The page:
I was just a toddler when I’d ask mom to tell me the story of Moses again and again. I’d be sitting bedside with my little brown feet swaying, wide eyed as I heard the tale of Moses floating away in a basket surrounded by reeds.
When I was seven I was already aware of domestic violence, alcohol abuse and suicide. The poverty in my community made everything bleak and sombre. Sure there were tender moments when I’d laugh and felt loved, but the creeping feeling of desperation was always under the surface. My escape from it all was reading “Lost in the Barrens,” with Farley Mowatt’s characters, canoeing the great north instead of surviving Elsipogtog.
I was bullied for being part black, and apparently I wanted to be a priest as a kid. When kids wanted to do childish crimes, I’d remind them that God didn’t like that. Reading made me feel normal it’s where I could get lost in my own mind.
I want a library because, like sports helps athletes escape, reading and writing helps to free my mind. I know reading won’t solve all my reserve’s problems; domestic violence, sexual assault, missing and murdered women, child molestation and substance abuse problems. But I love that my community is filled with survivors. Many of us have survived child abuse, neglect, assaults, loved ones committing suicide, but all of us survived a government that worked to destroy us and our ancestors.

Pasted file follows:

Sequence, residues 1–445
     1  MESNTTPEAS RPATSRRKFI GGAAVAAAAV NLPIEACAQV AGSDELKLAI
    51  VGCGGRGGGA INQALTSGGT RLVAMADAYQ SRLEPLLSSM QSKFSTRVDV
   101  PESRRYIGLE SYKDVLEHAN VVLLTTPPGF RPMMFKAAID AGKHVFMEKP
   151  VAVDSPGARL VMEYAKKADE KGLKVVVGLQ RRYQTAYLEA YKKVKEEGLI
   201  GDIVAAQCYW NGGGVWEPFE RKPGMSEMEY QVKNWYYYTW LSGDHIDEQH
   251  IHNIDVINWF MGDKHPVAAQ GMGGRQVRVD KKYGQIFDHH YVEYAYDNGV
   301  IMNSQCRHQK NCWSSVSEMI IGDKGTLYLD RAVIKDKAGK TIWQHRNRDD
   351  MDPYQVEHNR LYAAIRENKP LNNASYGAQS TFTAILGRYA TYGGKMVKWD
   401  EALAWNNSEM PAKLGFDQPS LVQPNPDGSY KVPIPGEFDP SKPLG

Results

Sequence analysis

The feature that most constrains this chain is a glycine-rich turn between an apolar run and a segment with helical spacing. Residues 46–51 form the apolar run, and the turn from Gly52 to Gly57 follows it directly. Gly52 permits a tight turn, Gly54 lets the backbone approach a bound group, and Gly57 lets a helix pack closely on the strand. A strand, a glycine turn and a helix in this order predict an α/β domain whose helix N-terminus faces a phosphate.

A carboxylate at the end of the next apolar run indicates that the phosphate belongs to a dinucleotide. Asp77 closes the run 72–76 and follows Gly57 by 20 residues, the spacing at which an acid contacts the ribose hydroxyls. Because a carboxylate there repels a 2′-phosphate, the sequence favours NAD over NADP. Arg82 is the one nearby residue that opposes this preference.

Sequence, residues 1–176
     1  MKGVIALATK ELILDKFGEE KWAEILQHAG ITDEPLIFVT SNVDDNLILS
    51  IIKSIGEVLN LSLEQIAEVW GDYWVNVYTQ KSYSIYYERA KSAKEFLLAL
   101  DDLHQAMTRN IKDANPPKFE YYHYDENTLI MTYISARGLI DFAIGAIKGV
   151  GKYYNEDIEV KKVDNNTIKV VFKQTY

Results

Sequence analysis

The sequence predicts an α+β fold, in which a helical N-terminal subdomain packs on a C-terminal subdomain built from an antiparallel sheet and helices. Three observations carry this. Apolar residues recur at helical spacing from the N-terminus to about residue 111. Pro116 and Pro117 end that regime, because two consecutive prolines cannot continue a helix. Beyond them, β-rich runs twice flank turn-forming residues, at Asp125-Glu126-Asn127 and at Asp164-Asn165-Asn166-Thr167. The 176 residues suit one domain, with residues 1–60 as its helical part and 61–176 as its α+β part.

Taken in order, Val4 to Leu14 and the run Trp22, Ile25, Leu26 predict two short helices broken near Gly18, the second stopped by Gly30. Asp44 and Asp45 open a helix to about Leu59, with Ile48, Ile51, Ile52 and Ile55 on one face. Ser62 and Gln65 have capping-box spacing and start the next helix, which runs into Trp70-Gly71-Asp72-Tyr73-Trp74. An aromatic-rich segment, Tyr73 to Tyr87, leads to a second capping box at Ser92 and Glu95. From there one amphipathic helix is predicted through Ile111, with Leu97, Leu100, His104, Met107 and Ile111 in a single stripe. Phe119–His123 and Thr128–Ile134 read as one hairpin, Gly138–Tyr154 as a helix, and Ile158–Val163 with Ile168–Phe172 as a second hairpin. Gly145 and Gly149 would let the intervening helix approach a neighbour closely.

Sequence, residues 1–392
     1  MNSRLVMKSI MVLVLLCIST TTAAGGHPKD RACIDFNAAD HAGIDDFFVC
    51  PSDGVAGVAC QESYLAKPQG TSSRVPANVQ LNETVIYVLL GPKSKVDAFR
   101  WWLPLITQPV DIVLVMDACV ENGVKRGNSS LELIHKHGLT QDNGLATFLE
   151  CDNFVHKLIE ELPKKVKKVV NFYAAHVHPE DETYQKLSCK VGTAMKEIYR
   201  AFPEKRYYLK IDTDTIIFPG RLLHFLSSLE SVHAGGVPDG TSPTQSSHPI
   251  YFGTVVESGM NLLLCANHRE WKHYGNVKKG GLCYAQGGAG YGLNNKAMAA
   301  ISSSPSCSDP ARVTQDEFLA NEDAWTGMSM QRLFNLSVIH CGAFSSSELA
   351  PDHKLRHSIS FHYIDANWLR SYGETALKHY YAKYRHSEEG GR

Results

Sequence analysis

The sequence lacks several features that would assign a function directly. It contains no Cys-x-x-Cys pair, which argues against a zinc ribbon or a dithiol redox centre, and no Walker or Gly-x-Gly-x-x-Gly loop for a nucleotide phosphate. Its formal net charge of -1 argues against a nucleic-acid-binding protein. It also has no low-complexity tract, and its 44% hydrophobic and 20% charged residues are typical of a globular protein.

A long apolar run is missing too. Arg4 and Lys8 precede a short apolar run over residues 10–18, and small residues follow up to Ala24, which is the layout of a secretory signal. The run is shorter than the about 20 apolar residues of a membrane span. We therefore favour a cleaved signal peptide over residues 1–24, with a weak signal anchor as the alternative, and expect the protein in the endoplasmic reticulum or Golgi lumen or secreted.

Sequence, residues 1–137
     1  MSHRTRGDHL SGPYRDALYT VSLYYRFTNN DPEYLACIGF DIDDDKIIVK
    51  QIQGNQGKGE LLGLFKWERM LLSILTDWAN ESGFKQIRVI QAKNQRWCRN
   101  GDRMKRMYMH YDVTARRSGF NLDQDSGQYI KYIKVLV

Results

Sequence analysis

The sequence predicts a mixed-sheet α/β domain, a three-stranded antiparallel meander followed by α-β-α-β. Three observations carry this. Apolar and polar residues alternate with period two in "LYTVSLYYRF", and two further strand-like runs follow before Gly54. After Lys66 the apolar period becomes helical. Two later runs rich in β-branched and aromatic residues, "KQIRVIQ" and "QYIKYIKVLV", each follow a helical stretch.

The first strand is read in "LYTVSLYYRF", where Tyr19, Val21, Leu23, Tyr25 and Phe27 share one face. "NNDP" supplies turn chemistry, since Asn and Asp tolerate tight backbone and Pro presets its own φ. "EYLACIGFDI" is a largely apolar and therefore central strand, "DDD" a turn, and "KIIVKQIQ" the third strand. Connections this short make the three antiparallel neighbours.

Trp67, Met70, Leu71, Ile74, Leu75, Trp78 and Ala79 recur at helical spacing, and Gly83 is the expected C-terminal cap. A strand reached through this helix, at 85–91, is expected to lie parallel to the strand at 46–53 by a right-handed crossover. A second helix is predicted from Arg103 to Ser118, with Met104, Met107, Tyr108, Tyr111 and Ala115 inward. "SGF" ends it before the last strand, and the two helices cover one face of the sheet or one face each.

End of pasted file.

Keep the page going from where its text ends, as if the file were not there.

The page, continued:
I feel my community needs a library because it’s so desperate here and reading is a healthy escape.
Research indicates there is a direct link between substance abuse and childhood trauma. Cloaked in trauma many without the right support systems may turn to drugs, alcohol or other activities to escape their bleak existence. I’m not here to cast a shadow that everyone in my community has substance struggles or childhood trauma, but there certainly are too many.
I was asked to tell people about myself, what I liked about my community and what I wanted to see changed. I’m truly embarrassed to say but I had no answers for what I liked about my community. I look out my window and see desperate people trying to find a way. And the faults of my community: I want to see a library. There are six bars that service a community of just over 3,000 people. And it pains me that we don’t offer books and the escape of imagination.
Unfortunately being part of an isolated community means there aren’t a ton of outlets. As a young adult aside from the bars, a gym and a hockey rink there’s no places for fun. I’m a writer and a creative, and I’ll although my waist band says I need the gym, I prefer coffee, reading and a safe place to just chat.
Beyond being an escape reading helps to improve literacy rates, which is desperately needed for First Nation people who chronically fall below the Canadian average on educational attainment, literacy and numeracy according to Statistics Canada. Numerous research reports conclude that parents reading with their children enhances language and literacy skills.
There are too many problems to tackle and our leaders are often overwhelmed, avenues feel exhausted. But expanding minds and sober activities would go a long way. Instead of businesses profiting off someone’s addiction maybe a business can be there to help people learn.
Please check out Oscar’s recent long-form piece for CBC New Brunswick on Elsipogtog First Nation’s legal assertion of Aboriginal title to one-third of New Brunswick, entitled “A Mi’kmaq Seat at the Table and his previous work found on his website including The Violent Ones, a personal essay that won Oscar the David Adams Richards Award for non-fiction writing from St. Thomas University.